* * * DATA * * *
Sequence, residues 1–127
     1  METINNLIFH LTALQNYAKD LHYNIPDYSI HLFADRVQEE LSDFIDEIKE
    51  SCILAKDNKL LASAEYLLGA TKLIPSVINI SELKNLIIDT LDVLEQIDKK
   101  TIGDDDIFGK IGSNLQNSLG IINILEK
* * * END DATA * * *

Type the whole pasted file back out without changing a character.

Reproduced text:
Sequence, residues 1–127
     1  METINNLIFH LTALQNYAKD LHYNIPDYSI HLFADRVQEE LSDFIDEIKE
    51  SCILAKDNKL LASAEYLLGA TKLIPSVINI SELKNLIIDT LDVLEQIDKK
   101  TIGDDDIFGK IGSNLQNSLG IINILEK